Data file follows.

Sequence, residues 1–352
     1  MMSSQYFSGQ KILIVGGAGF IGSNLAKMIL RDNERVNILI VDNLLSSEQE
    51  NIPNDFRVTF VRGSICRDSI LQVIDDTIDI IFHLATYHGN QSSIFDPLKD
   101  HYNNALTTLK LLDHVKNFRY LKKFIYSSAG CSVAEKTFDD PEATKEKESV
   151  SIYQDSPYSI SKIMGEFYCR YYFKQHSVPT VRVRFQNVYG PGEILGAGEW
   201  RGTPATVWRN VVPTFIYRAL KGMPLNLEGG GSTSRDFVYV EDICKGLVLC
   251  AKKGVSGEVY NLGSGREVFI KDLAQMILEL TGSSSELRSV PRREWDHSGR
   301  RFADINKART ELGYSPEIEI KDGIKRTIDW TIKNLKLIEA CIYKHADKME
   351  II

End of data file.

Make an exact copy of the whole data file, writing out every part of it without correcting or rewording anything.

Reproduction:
Sequence, residues 1–352
     1  MMSSQYFSGQ KILIVGGAGF IGSNLAKMIL RDNERVNILI VDNLLSSEQE
    51  NIPNDFRVTF VRGSICRDSI LQVIDDTIDI IFHLATYHGN QSSIFDPLKD
   101  HYNNALTTLK LLDHVKNFRY LKKFIYSSAG CSVAEKTFDD PEATKEKESV
   151  SIYQDSPYSI SKIMGEFYCR YYFKQHSVPT VRVRFQNVYG PGEILGAGEW
   201  RGTPATVWRN VVPTFIYRAL KGMPLNLEGG GSTSRDFVYV EDICKGLVLC
   251  AKKGVSGEVY NLGSGREVFI KDLAQMILEL TGSSSELRSV PRREWDHSGR
   301  RFADINKART ELGYSPEIEI KDGIKRTIDW TIKNLKLIEA CIYKHADKME
   351  II